In the weeks leading up to my wedding, I remember a well-meaning friend trying to ease my stress by saying, “The most important thing is that you’re going to be married at the end of it all. Nothing else matters.”
While I appreciated her attempt to talk me off the ledge, let’s be honest: A wedding isn’t just about getting married. Anyone can go down to the courthouse and get hitched, right? A wedding is about throwing a party. It’s about celebrating that marriage with friends and family, and, hopefully, creating a day that will be spoken about fondly for years to come.
Wedding planner Elle Ellinghaus of Elle Ellinghaus Designs agrees. “When talking about a reception [with brides and grooms], you have to realize that the day is about them, but it’s not all about them,” she says. “It needs to be broader; it needs to be for your guests.”
With that in mind, we present 12 ways to make your day the most memorable event it can be—for them, and for you.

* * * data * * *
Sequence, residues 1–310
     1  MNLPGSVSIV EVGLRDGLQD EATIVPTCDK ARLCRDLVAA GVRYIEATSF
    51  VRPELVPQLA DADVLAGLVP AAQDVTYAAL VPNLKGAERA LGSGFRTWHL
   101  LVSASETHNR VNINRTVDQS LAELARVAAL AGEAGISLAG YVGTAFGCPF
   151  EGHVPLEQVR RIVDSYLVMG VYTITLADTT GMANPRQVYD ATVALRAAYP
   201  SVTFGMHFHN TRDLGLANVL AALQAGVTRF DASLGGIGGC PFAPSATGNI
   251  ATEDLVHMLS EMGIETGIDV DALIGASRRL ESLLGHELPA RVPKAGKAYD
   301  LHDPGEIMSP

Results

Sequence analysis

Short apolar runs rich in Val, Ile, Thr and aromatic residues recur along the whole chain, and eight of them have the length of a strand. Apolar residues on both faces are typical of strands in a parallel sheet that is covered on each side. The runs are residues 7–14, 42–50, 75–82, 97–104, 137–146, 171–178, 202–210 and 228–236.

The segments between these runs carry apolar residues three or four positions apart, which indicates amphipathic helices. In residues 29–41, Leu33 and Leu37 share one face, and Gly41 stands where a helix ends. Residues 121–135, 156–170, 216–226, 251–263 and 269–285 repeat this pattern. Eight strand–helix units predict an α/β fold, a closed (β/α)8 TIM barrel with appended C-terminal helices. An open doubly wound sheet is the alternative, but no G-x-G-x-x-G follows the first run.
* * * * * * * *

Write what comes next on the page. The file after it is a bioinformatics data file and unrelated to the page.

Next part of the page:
Break the Rules (Without Ticking Off Grandma) We all know the formula: Ceremony, first dances, toasts, dinner, cake, toss the bouquet—boom, you’re done. This was all fine and good for generations of brides and grooms, but more couples are bucking tradition in every aspect of weddings. And while younger guests may delight in your irreverence, a large swath of wedding-goers could be put off by it. (Especially if they’re the ones paying for it.)
Thankfully, modern wedding planners are finding innovative ways to break the rules while shushing the peanut gallery.
For instance, if you’re set on a trendy dessert bar, consider also offering a smaller, ceremonial cake for cutting that can be passed out to guests. And before breaking out Beyoncé or The Black Eyed Peas, ask the DJ to play some oldies as a way to make sure everyone feels welcome on the dance floor.
If the parents won’t budge on the wedding, consider an after party. “Normally, they’ll go from a band to a DJ, and it will be the younger crowd staying,” says Strawberry Milk Events owner Julie Savage Parekh. “There’s no formality, it’s just having a good time.”
Make it Interactive Weddings can feel awkward for the lone person who works in your office or that couple from out-of-town. One way to break the ice is to give people something to do. Ellinghaus loves the idea of an interactive cocktail hour and suggests making it personal, such as a wine tasting or pairing for oenophiles.